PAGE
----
Michigan is cracking down on violence against nurses, doctors, and other medical personnel, thanks to a new law led by state Rep. Mike Mueller.
Mueller, R-Linden, said Michigan hospitals have reported a significant increase in the number of violent encounters with visitors, creating a need for stronger protections. His plan, signed into law today, stiffens penalties for people who assault health care workers.
“Michigan’s dedicated health care professionals continue to go above and beyond to safeguard the health of our residents, despite growing challenges and intimidation,” Mueller said. “This new law is a step toward providing a secure working environment for hospital personnel, discouraging acts of violence, and ensuring that anyone who targets them with violence is held responsible.”
Roughly 70 percent of emergency nurses say they’ve been hit or kicked on the job and 47 percent of emergency physicians say they’ve been assaulted, a 2018 survey by the American College of Emergency Physicians (ACEP) and the Emergency Nurses Association (ENA) found.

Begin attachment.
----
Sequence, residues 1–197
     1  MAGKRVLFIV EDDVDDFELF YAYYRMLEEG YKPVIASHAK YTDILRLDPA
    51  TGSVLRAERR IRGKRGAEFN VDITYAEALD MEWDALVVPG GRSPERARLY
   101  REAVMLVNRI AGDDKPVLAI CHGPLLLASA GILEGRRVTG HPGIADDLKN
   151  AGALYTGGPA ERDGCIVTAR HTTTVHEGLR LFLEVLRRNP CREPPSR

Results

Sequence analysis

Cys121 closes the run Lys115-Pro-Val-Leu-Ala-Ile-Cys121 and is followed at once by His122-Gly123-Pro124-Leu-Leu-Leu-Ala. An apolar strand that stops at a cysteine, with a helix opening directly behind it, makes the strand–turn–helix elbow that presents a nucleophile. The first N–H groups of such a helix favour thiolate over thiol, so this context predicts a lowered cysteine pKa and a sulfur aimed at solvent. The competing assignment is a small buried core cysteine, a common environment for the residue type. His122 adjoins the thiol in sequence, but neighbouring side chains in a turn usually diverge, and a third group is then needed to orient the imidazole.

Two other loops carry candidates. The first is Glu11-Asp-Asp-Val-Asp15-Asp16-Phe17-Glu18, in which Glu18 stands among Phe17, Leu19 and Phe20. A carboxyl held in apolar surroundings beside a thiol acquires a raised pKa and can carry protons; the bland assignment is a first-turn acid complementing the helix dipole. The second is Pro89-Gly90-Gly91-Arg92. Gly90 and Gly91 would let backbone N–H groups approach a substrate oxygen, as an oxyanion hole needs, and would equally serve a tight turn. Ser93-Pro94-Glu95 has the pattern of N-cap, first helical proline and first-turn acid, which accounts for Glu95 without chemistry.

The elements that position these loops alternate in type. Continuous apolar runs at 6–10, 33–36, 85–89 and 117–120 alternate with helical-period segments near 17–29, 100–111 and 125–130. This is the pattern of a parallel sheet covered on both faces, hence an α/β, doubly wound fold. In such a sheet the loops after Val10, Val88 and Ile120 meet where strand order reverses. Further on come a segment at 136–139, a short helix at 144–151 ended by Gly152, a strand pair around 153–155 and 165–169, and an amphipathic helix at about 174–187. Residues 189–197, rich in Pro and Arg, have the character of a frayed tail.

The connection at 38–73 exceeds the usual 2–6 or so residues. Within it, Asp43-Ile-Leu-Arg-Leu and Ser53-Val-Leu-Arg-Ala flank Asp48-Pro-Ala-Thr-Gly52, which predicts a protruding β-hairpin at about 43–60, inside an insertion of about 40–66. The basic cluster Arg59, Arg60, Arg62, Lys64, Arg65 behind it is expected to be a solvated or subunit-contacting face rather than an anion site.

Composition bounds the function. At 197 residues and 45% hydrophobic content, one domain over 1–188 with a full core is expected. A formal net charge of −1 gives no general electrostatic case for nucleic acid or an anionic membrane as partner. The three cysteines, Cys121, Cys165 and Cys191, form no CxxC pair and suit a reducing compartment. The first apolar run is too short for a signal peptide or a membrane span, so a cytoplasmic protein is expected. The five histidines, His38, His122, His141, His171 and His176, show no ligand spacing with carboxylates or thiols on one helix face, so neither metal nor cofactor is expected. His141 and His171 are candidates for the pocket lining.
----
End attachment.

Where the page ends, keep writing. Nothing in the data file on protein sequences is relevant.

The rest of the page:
In 2019, U.S. hospitals recorded 221,400 work-related injuries and illnesses, a rate of 5.5 work-related injuries and illnesses for every 100 full-time employees. That is almost twice the rate for private industries, according to the Occupational Safety and Health Administration.
House Bill 4520-21 add health care professionals and medical volunteers to a protected group of workers that already includes police officers, firefighters and EMS personnel. Assaulting one of these protected professionals could result in a felony with increased fines. The potential for jail time will remain unchanged.
Medical facilities must post signs in areas visible to the public that warn of the increased fines.
“I am proud to see this bipartisan plan come to fruition after working on it for more than a year,” Mueller said. “It’s gratifying to witness our efforts translate into meaningful progress for the health care workers who tirelessly serve our communities.”
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